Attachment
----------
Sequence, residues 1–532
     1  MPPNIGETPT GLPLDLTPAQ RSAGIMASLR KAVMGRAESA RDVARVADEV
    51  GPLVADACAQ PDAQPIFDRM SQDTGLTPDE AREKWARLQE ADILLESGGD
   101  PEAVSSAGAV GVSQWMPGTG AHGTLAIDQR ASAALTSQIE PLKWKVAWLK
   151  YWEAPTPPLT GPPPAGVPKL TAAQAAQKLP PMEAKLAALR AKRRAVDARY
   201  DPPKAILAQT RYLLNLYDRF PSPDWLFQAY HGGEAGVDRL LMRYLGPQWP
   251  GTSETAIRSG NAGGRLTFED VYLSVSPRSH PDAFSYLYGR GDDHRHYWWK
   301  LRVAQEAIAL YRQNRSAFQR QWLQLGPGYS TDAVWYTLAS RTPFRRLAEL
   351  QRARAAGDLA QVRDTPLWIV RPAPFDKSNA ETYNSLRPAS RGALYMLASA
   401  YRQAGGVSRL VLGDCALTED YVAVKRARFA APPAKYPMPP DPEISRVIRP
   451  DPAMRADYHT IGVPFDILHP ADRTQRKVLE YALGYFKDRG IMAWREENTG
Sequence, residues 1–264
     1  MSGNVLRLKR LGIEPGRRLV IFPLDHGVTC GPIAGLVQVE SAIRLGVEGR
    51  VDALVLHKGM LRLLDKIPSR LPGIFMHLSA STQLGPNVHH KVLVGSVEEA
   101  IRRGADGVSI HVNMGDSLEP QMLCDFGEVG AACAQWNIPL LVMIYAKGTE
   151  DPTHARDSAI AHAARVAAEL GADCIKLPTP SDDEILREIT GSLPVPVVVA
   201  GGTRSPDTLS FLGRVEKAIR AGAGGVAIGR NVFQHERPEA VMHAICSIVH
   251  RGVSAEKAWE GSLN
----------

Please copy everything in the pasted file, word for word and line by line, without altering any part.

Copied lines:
Sequence, residues 1–532
     1  MPPNIGETPT GLPLDLTPAQ RSAGIMASLR KAVMGRAESA RDVARVADEV
    51  GPLVADACAQ PDAQPIFDRM SQDTGLTPDE AREKWARLQE ADILLESGGD
   101  PEAVSSAGAV GVSQWMPGTG AHGTLAIDQR ASAALTSQIE PLKWKVAWLK
   151  YWEAPTPPLT GPPPAGVPKL TAAQAAQKLP PMEAKLAALR AKRRAVDARY
   201  DPPKAILAQT RYLLNLYDRF PSPDWLFQAY HGGEAGVDRL LMRYLGPQWP
   251  GTSETAIRSG NAGGRLTFED VYLSVSPRSH PDAFSYLYGR GDDHRHYWWK
   301  LRVAQEAIAL YRQNRSAFQR QWLQLGPGYS TDAVWYTLAS RTPFRRLAEL
   351  QRARAAGDLA QVRDTPLWIV RPAPFDKSNA ETYNSLRPAS RGALYMLASA
   401  YRQAGGVSRL VLGDCALTED YVAVKRARFA APPAKYPMPP DPEISRVIRP
   451  DPAMRADYHT IGVPFDILHP ADRTQRKVLE YALGYFKDRG IMAWREENTG
Sequence, residues 1–264
     1  MSGNVLRLKR LGIEPGRRLV IFPLDHGVTC GPIAGLVQVE SAIRLGVEGR
    51  VDALVLHKGM LRLLDKIPSR LPGIFMHLSA STQLGPNVHH KVLVGSVEEA
   101  IRRGADGVSI HVNMGDSLEP QMLCDFGEVG AACAQWNIPL LVMIYAKGTE
   151  DPTHARDSAI AHAARVAAEL GADCIKLPTP SDDEILREIT GSLPVPVVVA
   201  GGTRSPDTLS FLGRVEKAIR AGAGGVAIGR NVFQHERPEA VMHAICSIVH
   251  RGVSAEKAWE GSLN